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Support for Liberal Party slipping, according to survey

Moving the Marconi Campus of the Nova Scotia Community College to downtown Sydney will the subject of a feasibility study.
Premier Stephen McNeil made the announcement this morning.
Premier Stephen McNeil. - Chris Shannon

HALIFAX, N.S. — Support for the Nova Scotia Liberal Party is stable, but remains at its lowest level since the October 2013 election, according to the most recent survey conducted by Corporate Research Associates Inc. 
The survey shows that 37 per cent of decided voters support the governing Liberal party — down from 38 per cent in November 2017.
Preference for the Progressive Conservative Party is up to 34 per cent in the same survey, compared with 29 per cent, while support the New Democratic Party is down from 27 per cent to 25 per cent.
Support for the Green Party is also down one percentage point to four per cent.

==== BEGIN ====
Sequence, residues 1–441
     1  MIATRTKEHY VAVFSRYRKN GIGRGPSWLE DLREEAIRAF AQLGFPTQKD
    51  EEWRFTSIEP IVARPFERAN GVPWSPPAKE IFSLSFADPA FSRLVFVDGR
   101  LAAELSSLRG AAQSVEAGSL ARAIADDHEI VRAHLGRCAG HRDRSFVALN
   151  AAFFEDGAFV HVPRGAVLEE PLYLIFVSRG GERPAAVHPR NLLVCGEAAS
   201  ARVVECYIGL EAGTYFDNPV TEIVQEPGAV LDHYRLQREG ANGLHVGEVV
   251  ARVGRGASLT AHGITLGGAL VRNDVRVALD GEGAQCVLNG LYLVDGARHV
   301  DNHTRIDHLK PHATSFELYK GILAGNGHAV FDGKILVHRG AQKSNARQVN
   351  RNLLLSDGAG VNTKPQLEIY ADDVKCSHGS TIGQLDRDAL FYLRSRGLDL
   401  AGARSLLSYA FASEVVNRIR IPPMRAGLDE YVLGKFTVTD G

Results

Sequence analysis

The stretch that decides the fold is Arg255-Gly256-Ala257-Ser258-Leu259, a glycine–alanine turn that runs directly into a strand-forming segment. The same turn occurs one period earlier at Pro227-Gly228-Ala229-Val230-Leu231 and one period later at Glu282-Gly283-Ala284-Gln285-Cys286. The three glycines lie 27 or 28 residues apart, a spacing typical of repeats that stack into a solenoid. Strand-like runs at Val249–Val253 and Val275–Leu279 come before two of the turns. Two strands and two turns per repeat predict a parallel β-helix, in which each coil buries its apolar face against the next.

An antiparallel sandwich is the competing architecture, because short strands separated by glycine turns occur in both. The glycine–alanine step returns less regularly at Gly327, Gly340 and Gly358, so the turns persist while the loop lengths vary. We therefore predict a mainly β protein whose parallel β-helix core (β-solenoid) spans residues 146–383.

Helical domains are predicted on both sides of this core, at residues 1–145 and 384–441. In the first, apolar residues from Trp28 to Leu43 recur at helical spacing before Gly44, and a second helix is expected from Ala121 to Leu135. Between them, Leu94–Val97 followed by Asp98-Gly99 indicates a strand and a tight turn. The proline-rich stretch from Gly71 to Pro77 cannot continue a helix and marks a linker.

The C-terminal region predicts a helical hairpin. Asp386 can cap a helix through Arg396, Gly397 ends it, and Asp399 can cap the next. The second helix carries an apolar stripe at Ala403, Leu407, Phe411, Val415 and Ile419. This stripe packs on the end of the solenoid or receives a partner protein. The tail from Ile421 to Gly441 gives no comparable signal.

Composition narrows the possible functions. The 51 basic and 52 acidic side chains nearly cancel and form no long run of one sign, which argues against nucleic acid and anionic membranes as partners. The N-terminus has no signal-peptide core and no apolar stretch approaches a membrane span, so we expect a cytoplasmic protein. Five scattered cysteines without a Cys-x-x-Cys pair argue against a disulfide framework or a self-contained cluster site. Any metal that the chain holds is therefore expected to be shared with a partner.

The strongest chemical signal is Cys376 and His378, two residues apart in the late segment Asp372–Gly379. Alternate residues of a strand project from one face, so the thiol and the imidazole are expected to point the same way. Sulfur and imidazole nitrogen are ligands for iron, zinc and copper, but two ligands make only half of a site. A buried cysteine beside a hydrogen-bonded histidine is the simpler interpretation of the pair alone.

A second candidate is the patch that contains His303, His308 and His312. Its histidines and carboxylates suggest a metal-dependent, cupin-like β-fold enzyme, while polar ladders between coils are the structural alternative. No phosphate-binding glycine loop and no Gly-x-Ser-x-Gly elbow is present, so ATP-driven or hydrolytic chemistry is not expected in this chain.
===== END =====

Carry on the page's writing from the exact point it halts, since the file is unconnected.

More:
The number of Nova Scotians who are undecided is stable and rests at 26 per cent, according to the survey, compared with 28 per cent last year.
Four percent refuse to state a preference (compared with six per cent ), and another four per cent either support none of these parties or do not plan to vote (compared with six per cent).
The surveyt also revealed that government satisfaction has declined to its lowest level under the current Liberal leadership to 38 per cent — down from 46 per cent in November 2017. 
In terms of leader preference, 27 per cent of Nova Scotians support Premier Stephen McNeil, compared with 28 per cent in November 2017. That’s his lowest level of support since the October 2013 election. 
Karla MacFarlane, the interim leader of the PC Party notched 25 per cent in the preference portion of the poll, compared with 21 per cent for former leader Jamie Baillie just three months ago. 
Support for Gary Burrill of the NDP came in at 21 per cent — up from 18 per cent last survey period.
Poll results are part of the CRA Atlantic Quarterly, an independent, telephone survey of Atlantic Canadians, and are based on a sample of 800 adult Nova Scotians, conducted from February 1 to March 4, 2018. 
Overall results are said to be accurate to within plus or minus 3.5 percentage points, 95 times out of 100.
Visit to view full release, graphs, and data tables. 

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